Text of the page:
1. An attainment inventory, which is based on actual typical summer day emissions of volatile organic compounds (VOCs) and oxides of nitrogen (NOX) from a base year chosen by the State;
2. A maintenance demonstration which shows how the area will remain in compliance with the 8-hour ozone standard for 10 years after the effective date of the designation;
3. A commitment to continue to operate ambient air quality monitors to verify maintenance of the 8-hour ozone standard;
4. A contingency plan that will ensure that any violation of the 8-hour ozone NAAQS will be promptly corrected; and
5. An explanation of how the State will verify continued attainment of the standard under the maintenance plan.
On January 17, 2007, EPA received a request from Ecology to approve under section 110 of the CAA, a SIP revision pertaining to the maintenance plan for the Vancouver portion of the Pdx/Van AQMA. On May 22, 2007, EPA received a request from the Oregon Department of Environmental Quality, to approve a SIP revision pertaining to the maintenance plan for the Portland portion of the Pdx/Van AQMA and the Salem Keizer Area Transportation Study Air Quality Area under section 110 of the CAA. As both these submissions from the States of Washington and Oregon pertain to the Pdx/Van AQMA, EPA is taking action on these submissions concurrently. However this action addresses only the Vancouver portion of the Pdx/Van AQMA.
The EPA has prepared a Technical Support Document (TSD) with more detailed information about the SIP revisions Ecology has submitted for approval. The TSD is available for review as part of the docket for this action.
II. Summary of SIP Revision
Ecology's 8-hour ozone maintenance plan addresses all five components of Start Printed Page 24543the 8-hour ozone maintenance plan as outlined in EPA's May 20, 2005 guidance. Ecology has submitted the 8-hour ozone maintenance plan for Vancouver for approval, as well as implementing regulations that support the maintenance plan, for incorporation into the federally enforceable SIP and EPA proposes to approve these changes to the SIP.
1. Attainment Inventory
An emissions inventory is an itemized list of emission estimates for sources of air pollution in a given area for a specified time period. Ecology provided a comprehensive and current emissions inventory for NOX and VOCs. Ecology has chosen to use 2002 as the base year from which it will project emissions. The maintenance plan also includes an explanation of the methodology used for determining the anthropogenic (area and mobile sources) emissions. The inventory is based on emissions from a “typical summer day.” The term “typical summer day” refers to a typical weekday during the months when ozone concentrations are typically the highest.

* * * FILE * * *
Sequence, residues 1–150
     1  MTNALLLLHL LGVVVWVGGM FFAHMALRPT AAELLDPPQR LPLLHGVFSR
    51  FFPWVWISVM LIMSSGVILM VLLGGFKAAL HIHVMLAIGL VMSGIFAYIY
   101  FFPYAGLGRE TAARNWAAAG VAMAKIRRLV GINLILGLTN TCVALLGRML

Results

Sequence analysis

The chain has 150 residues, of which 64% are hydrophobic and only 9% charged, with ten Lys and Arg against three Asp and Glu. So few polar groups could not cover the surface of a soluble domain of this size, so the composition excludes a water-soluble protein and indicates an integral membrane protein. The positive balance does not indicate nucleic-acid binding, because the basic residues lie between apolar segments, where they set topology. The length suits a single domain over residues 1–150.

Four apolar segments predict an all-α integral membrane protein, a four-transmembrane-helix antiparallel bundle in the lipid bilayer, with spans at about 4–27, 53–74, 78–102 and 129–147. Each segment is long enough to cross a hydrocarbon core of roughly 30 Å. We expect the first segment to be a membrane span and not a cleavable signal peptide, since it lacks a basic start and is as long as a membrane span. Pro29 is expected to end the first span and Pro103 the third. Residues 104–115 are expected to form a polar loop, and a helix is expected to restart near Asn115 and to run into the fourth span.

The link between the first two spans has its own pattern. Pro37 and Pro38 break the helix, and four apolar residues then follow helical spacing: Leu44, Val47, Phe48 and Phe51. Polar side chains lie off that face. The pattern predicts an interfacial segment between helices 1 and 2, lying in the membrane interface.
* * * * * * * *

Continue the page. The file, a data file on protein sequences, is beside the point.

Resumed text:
2. Maintenance Demonstration
With regard to demonstrating continued maintenance of the 8-hour ozone standard, Ecology projects that the total emissions of ozone precursors from Vancouver will decrease during the 10-year maintenance period. Ecology has projected emissions for 2015, which is more than 10 years from the effective date of initial designations, as suggested in the EPA guidance for section 110(a)(1) maintenance plans. In 2002, the total anthropogenic emissions in Vancouver were 154,692 lbs/day for VOCs and 81,436 lb/day for NOX. The projected 2015 anthropogenic emissions from Vancouver are expected to be 136,323 lb/day for VOCs and 59,381 lbs/day for NOX. As such, the plan demonstrates that emissions are projected to decrease. This demonstrates that the net VOC emissions are expected to be about 13% lower, and NOX emissions about 37% lower in 2015 compared to 2002 levels.
The formation of ozone is dependent on a number of variables which cannot be estimated through emissions growth and reduction calculations. A few of these variables include weather and the transport of ozone precursors from outside the maintenance area. In order to demonstrate continued maintenance of the standards, a State may utilize more sophisticated tools such as air quality modeling to support their analysis; Ecology used air quality modeling to assess the comprehensive impacts of growth through 2015 on ozone levels in the area. Results of modeling conducted by Ecology and submitted to EPA demonstrate that the highest predicted design value for Vancouver is 0.072 parts per million, which is below the 1997 and the 2008 ozone NAAQS, and is therefore in compliance with both the 8-hour ozone NAAQS.
EPA's Evaluation of CAA 110(l) Considerations